Fifty years ago this October, Johnny Cash released Bitter Tears: Ballads of the American Indian, a concept album that turned its back on virtually everything else that was happening in country music — from countrypolitan arrangements to the Bakersfield sound — and blazed its own trail. The songs were stark and sparse, built around stories about the plight of the Native American. Congress had just passed the Civil Rights Act of 1964, looking to improve the lives of African Americans after decades of segregation and injustice, and Cash hoped his new songs could draw attention to a similar human rights issue.
Half a century later, all it takes is a glance at the latest Ferguson-related headlines to know that discrimination is still alive in America. That's why the timing couldn't be better for a record like Look Again to the Wind: Johnny Cash's Bitter Tears Revisited, a tribute album that reinterprets Cash's original tracklist for a different generation. Americana heavyweights like Emmylou Harris, Kris Kristofferson, Gillian Welch, Dave Rawlings, Steve Earle, and Norman and Nancy Blake all contribute to the album, which hits stores today. The Milk Carton Kids and the Carolina Chocolate Drops' Rhiannon Giddens make appearances, too, representing the newer crop of diverse, guitar-toting folkies who've found influence in Cash's lesser-known material.
"I'm not a fan of the whole 'tribute album compilation' thing, where people sent in the separate tracks via email," says producer Joe Henry, who recently recorded albums with Bonnie Raitt and Billy Bragg before turning his attention to Look Again to the Wind. "I don't think that's full engagement. That's not the best way to conjure a song into a living thing. We recorded everything on this album live, in three and a half days, with a lot of overlap between bands and singers. Most of what we kept were first takes. If you want your record to sound like a lot of people playing in a circle in a room, discovering music simultaneously, then the best way to do that is to create that situation."
Henry began creating the situation in his South Pasadena basement in late January. Kris Kristofferson had flown into town to receive a Lifetime Achievement Award from the Grammys. Gibbons was in the area, too, as were Welch and Rawlings. Together, the group spent an entire day at Henry's house, recording songs from Bitter Tears in a collaboration, tag-team fashion. Two weeks later, Henry flew to Nashville and got the group together again, this time adding Emmylou Harris, Steve Earle, the Milk Carton Kids, famed flatpicker Norman Blake and other Cash disciples to the mix. The beefed-up roster spent two days at Sound Emporium, built by the late Cowboy Jack Clement, where they finished everything apart from Bill Miller's rendition of the title track.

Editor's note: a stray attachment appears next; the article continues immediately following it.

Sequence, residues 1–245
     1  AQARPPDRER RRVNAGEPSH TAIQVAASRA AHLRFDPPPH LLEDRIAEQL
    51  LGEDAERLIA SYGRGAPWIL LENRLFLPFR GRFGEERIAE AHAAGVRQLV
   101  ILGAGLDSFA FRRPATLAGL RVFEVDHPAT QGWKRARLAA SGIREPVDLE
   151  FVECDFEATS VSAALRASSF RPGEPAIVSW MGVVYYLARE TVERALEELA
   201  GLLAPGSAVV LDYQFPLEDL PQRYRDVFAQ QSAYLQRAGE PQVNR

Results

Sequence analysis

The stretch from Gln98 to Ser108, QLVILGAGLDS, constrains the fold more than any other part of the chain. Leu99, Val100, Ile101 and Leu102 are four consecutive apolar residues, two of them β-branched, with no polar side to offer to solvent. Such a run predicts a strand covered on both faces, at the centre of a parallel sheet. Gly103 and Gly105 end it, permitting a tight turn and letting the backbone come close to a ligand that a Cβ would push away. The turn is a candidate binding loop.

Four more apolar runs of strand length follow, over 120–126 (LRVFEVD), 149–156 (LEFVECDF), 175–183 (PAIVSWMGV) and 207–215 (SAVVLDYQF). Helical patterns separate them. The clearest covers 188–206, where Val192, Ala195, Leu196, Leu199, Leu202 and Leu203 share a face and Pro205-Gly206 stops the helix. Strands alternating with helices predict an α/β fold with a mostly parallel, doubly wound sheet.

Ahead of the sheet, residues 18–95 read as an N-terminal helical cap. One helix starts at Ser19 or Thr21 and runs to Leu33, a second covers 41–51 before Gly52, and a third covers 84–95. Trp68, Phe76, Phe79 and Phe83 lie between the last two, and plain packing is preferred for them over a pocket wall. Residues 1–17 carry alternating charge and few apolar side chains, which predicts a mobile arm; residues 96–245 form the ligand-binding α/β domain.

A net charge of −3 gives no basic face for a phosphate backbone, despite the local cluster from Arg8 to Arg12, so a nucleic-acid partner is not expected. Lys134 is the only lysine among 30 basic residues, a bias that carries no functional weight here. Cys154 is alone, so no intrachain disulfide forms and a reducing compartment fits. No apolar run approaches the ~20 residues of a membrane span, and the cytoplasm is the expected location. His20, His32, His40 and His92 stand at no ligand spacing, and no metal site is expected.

"I like to think it was sort of how the original sessions must have felt," says Welch, who — along with Rawlings — appears on six different songs. "It was this confluence, this coming together of current acoustic musicians, and it all fell together so naturally. We've never been a band before, but as soon as we got into a room, it sure felt like a band. Picture it: there we are, Nancy [Blake] is doing her song, and they want some oohs to come from other voices. Emmy[lou] and I are there, too, so I guess we're gonna sing on "The Talking Leaves!" There were so many question marks about how this record was actually going to happen, but once you put all these people into the same room, you knew it was gonna be ok."
There's been no shortage of tribute albums hitting the country market this summer, from Nashville Outlaws: A Tribute to Mötley Crüe to the upcoming Doobie Brothers duets record, Southbound. Even so, Look Again to the Wind feels different somehow. Weightier, even. It's reverent and wholly respectful of the source material, and the liberties that are taken — particularly Welch and Rawlings' transformation of the kickoff track, "As Long as the Grass Shall Grow," from Cash's spoken-word piece into a harmony-driven song with "a very Woody Guthrie-type melody" — are all worthwhile makeovers. (Hear it below.) Taken as a whole, Look Again to the Wind functions as both a salute to the Man in Black and a social commentary of racial problems that continue to plague the country.
"I sense as much division and rancor at this moment as in any time in my life, and I was a young boy in the South in the early Sixties," says Henry. "When Johnny made his album, he was very struck — and felt personally challenged — by the fact that during the height of the civil rights movement, people couldn't equate what was happening to Native Americans with what had been happening to African Americans. To him, it was all a civil rights issue. I think it's crucial that people are reminded that these issues are still unresolved."
"Johnny is an important navigational star in our sky, and that's had a huge impact on us," adds Welch. "I opened for him a couple of times in Nashville. He was, in my book, everything you could've wished him to be. He was so gracious. The first time we met was at this park south of Nashville — an outdoor gig. [Dave and I] had played, and Johnny had been listening to us while going around the perimeter of the fencing and shaking hands with every person who wanted to talk to him. The stagehands had to come get him and say, 'John, you have to go onstage now,' and he stopped and told the fans, 'I'm sorry; I have to go onstage now, but I'll come back when I'm done.' And he did. He came back and shook every hand he could. I hope that I learned things from him. I think I did."